Wine country in Sonoma County was hit hard by recent storms, which have brought up to 13 inches of rain since Friday. Rolling hills and vineyards along the scenic route known as River Road were submerged Monday with just the tips of vines visible in completely flooded fields.
The Russian River in Sonoma rose to its highest level since 2006, spilling over its banks and forcing the closure of schools and roads.
The weekend storm dumped more than a foot of water on parts of Northern California, forcing hundreds of people to evacuate and leaving thousands without power. The system raised rivers over their banks and toppled trees, among them the fabled giant sequoia dubbed Pioneer Cabin that had a drive-thru tunnel carved into its base more than a century ago.
Another strong storm was bearing down on the region and was expected to hit Tuesday.
Such gaps between storms are "what saves us from the big water," Fire Chief Max Ming said in the Russian River town of Forestville, where rescuers launched rafts and used a helicopter to search for people cut off by rising water. "People hunker down and wait for it to get past."
The back-to-back storms that have hit California and Nevada since last week are part of an "atmospheric river" weather system that draws precipitation from the Pacific Ocean as far west as Hawaii. That kind of system, also known as the "pineapple express," poses catastrophic risks for areas hit by the heaviest rain.
"It's been about 10 years since we've experienced this kind of rainfall," said Steve Anderson, a
Avalanche concerns kept some California ski areas closed for a second day Monday in the Sierra Nevada. Forecasters said more snow and rain was on the way.
The Russian River is prone to flooding, but this year's flood has been particularly worrisome because it threatened to topple trees weakened by six years of drought.
A flood warning for the Russian River was in effect, along with a high-wind watch planned for Tuesday afternoon and evening, Anderson said.
Jeff Watts, an artist, spent an anxious night listening for the sound of falling trees on his property in Forestville. On Monday, he found his drive to work blocked by a car that had slammed into a tree toppled across the road. Emergency crews worked to remove the vehicle.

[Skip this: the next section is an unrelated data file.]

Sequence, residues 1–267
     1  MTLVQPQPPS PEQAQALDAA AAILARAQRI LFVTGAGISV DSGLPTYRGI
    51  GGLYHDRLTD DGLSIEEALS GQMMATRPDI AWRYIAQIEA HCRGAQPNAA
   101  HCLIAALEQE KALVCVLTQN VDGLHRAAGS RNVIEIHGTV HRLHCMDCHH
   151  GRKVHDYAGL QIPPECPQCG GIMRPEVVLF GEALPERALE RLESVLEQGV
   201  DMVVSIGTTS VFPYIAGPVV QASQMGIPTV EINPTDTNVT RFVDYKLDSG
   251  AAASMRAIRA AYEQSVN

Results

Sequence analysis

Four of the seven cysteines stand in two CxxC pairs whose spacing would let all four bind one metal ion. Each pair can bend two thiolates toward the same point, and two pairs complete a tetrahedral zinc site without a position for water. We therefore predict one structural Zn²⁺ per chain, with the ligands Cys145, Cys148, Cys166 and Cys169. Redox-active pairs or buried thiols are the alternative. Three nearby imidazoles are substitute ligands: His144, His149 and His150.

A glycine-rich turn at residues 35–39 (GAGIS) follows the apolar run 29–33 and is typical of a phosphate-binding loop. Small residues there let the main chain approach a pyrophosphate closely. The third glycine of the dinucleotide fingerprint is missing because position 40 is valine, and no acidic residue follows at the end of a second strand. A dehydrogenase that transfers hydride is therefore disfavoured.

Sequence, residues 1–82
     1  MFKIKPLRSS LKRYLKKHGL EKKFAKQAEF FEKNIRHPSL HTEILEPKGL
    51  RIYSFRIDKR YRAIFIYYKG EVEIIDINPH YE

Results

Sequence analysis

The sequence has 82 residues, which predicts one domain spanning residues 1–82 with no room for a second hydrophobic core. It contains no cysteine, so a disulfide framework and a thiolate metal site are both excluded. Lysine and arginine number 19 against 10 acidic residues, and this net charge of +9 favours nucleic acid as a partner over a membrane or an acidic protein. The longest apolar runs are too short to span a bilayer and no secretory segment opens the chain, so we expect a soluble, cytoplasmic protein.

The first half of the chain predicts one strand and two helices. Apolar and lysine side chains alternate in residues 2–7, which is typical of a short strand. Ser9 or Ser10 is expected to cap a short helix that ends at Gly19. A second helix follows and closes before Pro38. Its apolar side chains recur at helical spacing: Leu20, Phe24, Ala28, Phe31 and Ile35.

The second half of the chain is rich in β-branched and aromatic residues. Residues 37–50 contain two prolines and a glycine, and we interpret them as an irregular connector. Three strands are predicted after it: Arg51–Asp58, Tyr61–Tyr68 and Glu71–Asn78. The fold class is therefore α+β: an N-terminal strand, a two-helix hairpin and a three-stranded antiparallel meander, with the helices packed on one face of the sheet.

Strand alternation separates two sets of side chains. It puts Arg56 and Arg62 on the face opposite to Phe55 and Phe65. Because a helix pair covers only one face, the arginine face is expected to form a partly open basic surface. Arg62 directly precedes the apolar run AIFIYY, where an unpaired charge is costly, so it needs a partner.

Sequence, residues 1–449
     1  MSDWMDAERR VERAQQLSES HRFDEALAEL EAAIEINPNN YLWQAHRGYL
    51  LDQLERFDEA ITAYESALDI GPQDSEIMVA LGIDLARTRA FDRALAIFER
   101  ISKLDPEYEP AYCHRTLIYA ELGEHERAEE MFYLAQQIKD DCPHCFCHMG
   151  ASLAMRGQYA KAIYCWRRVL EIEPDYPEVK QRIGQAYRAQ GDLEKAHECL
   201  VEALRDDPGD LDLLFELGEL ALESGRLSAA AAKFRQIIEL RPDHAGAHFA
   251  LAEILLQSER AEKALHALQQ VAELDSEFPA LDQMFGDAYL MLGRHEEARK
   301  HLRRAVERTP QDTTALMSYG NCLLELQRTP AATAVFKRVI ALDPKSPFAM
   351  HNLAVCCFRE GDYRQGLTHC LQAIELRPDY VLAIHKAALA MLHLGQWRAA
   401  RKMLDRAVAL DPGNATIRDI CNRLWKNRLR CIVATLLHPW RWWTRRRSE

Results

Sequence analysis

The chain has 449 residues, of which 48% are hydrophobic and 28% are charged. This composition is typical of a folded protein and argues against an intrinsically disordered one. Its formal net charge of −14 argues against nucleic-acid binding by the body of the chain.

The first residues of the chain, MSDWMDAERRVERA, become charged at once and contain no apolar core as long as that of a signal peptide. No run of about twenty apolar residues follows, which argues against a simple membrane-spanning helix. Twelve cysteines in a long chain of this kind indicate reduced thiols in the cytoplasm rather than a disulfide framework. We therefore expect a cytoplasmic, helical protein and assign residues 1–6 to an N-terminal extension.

"I couldn't get past the tree, so I turned around and I'm doing this," said Watts, who had pulled over to photograph oak trees and their reflections in the floodwater.
Sacramento River levels swelled so much that state officials planned to open a weir located upstream from Sacramento's Tower Bridge for the first time in more than a decade. The weir is a barrier of 48 gates that must be opened manually to protect the city of Sacramento from floodwaters.
Over the weekend, trees crashed against cars and homes and blocked roads in the San Francisco Bay Area. Stranded motorists had to be rescued from cars stuck on flooded roads. The city itself got just over 2 inches of rain.
A giant tree fell across a highway in Hillsborough to the south of San Francisco, injuring a driver who could not stop in time and drove into the tree. And a woman was killed Saturday by a falling tree while she took a walk on a golf course.
To the south near Los Angeles, commuters were warned of possible mudslides in hilly areas.
Emergency workers in Nevada voluntarily evacuated about 1,300 people from 400 homes in a Reno neighborhood as the Truckee River overflowed and drainage ditches backed up.
Winter storm warnings were in effect in the Sierra Nevada until Thursday, with the potential for blizzard and white-out conditions, said Scott McGuire, a forecaster for the National Weather Service based in Reno.
"People need to avoid traveling if at all possible," McGuire said.
Four to 8 feet of snow are forecast through Thursday above 7,000 feet, and the Lake Tahoe area could get between 2 and 5 feet of snow, he said.
Schools were canceled Monday in Reno and Sparks, and Nevada Gov.
After touring the two cities, Sandoval said no serious injuries were reported during the flooding.
"It's bittersweet because it wasn't as bad as it could have been," Sandoval said. "But to those people affected, it was really hard on them."